On the way back to the Palacio Duhau to pick up my bags, I squeezed in what ended up being my best meal of the trip, though slightly rushed, at Sirop Folie. A delicious asado over a cake made of smashed squash. Nom. A hurried walk back to the hotel led me to a Remis which was already waiting to take me over to Ezeiza, Buenos Aires’ large international airport.
My LAN flight was scheduled to take me from EZE to Santiago, and then onward up to JFK, all with the same flight number and equipment. I arrived at the airport fairly early, and was faced with one of the most insane security lines I’d ever seen – with no priority for premium cabin passengers. The security line easily had 150 passengers, and only two x-ray machines and metal detectors! After clearing security and then immigration, and making my way through the duty free area, I headed to the American Airlines Admirals’ Club, which I’d been given an invitation to at LAN check-in. As with the Admirals’ Club at Santiago, the lounge was pretty disgusting. After a drink, I left to explore the rest of the terminal. While doing so I found the American Express lounge, which was a much nicer option. With my American Express Platinum card, I was given entrance into a separate room off to the side (there was a third separate room for Centurion cardholders). While certainly not a luxury lounge, it was neater, cleaner, newer, and had a wider variety of snacks and beverages).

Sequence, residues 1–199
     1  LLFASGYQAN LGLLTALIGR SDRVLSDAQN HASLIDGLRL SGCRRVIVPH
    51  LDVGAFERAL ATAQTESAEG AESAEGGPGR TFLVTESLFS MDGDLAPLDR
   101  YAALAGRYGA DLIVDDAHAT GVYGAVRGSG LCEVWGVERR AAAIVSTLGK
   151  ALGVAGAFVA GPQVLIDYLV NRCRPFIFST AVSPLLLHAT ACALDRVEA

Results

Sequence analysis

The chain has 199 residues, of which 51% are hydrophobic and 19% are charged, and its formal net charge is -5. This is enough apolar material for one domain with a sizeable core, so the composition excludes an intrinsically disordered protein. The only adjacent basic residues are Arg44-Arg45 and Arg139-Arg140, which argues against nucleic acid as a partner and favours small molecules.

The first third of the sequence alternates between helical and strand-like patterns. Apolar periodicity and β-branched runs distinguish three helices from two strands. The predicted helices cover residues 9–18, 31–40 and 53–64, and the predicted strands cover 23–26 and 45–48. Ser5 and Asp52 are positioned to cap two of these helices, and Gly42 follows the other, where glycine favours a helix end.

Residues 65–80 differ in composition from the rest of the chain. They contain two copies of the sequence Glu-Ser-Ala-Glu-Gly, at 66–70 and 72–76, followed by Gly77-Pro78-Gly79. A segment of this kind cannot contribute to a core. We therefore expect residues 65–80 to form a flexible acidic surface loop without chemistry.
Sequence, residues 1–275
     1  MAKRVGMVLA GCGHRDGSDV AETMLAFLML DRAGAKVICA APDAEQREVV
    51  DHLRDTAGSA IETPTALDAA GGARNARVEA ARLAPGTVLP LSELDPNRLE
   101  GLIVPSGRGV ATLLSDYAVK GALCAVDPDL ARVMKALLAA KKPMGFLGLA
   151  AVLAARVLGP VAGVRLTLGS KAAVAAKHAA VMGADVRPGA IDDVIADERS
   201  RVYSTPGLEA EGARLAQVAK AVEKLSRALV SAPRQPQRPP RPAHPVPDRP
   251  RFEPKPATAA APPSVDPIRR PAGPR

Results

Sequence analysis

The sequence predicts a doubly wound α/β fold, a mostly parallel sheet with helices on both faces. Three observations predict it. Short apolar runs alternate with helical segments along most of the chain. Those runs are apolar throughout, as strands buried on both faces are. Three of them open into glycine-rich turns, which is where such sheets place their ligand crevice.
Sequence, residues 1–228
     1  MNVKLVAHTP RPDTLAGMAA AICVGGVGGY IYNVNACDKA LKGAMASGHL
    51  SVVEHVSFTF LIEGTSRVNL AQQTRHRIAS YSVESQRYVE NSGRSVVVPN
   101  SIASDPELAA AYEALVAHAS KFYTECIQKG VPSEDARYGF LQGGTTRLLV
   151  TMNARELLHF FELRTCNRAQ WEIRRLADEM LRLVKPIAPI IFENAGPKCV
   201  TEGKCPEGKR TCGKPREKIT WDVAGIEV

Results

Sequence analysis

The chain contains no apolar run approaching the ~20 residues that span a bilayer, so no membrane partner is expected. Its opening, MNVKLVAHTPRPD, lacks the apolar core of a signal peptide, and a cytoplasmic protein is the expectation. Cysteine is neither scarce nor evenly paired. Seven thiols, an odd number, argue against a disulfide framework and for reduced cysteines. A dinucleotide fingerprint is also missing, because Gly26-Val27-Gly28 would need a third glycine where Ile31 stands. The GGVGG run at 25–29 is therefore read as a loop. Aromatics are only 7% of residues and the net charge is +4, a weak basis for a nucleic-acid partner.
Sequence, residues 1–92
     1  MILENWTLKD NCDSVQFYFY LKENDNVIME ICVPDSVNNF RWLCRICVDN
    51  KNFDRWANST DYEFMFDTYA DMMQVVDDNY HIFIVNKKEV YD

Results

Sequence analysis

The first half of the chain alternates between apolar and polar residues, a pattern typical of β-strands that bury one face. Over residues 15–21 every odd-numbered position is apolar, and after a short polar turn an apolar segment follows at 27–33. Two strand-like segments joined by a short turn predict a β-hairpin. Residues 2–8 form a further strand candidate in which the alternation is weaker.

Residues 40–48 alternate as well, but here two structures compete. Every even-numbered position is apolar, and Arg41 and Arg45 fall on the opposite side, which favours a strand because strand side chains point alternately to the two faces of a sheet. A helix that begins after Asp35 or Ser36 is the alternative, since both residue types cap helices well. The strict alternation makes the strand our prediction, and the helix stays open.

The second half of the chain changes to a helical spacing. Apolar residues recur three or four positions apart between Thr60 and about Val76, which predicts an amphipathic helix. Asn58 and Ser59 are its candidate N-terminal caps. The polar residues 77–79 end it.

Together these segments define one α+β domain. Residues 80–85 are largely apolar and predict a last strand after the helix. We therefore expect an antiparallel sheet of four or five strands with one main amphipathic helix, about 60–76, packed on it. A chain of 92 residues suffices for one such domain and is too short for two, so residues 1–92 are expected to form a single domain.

After a short stop, I was on board for the short flight to Santiago in LAN’s premium business. Our departure was delayed significantly because there was a problem with one of the lie-flat seats and maintenance had to come on board (sensing a theme with these seats). Most of the passengers in the cabin were connecting in Santiago to various LAN destinations, and I was one of the surprising few continuing on to New York. I purposely grabbed a window seat, as the view was spectacular, flying over the Andes as the sun was setting. There was a small snack service, and the full in-flight entertainment system.
Annoyingly, I had to disembark the plane in Santiago, which was parked at a far gate, walk down a very long secured hallway, go through security, and then enter the main terminal. I tried to buy a bottle of wine with some leftover Chilean Pesos, but I was told it was too late since my flight was leaving in less than an hour. Since boarding time was scheduled to begin shortly, I didn’t have the opportunity to check out the LAN lounge in SCL.
The return from SCL to JFK was uneventful, and similar to the flight on the way down. The dinner menu was a bit different, and I was able to get my first choices on everything. There were only two things of note. First, as opposed to the flight down, the cabin crew did change overnight, and the breakfast crew was thus different from the dinner crew. Second, the mechanized lie-flat seat somehow crushed my netbook which had been on the floor, causing a giant crack in the screen. Oh, well. I didn’t sleep as well as I did on the flight down for some reason, but my 8am arrival meant I was home and able to get some sleep before starting my Sunday.
Overall a great trip, and much more lowkey and laid back than I’d anticipated. Plus my flight and hotel out-of-pocket costs were miniscule.
~$150 Taxes and Change fee for British Airways Business Class redemption
$230 for LAN Mendoza to Buenos Aires (grrr)
Hotels (nine nights total):
$236 for Hyatt stay certificate (for Park Hyatt Mendoza)
$60 for one night cash and poitns (Sheraton Miramar Vina del Mar)
Everything else was cash, or free. 296
Total out of pocket: $676. Not bad for premium air travel and 4* hotels.